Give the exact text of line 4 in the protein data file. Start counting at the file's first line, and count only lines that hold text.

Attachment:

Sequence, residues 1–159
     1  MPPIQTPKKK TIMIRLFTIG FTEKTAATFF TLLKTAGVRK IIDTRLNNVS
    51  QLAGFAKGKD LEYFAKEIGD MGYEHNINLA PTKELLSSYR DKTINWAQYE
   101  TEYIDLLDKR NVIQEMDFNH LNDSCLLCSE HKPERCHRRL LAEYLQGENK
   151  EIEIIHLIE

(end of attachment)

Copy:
   101  TEYIDLLDKR NVIQEMDFNH LNDSCLLCSE HKPERCHRRL LAEYLQGENK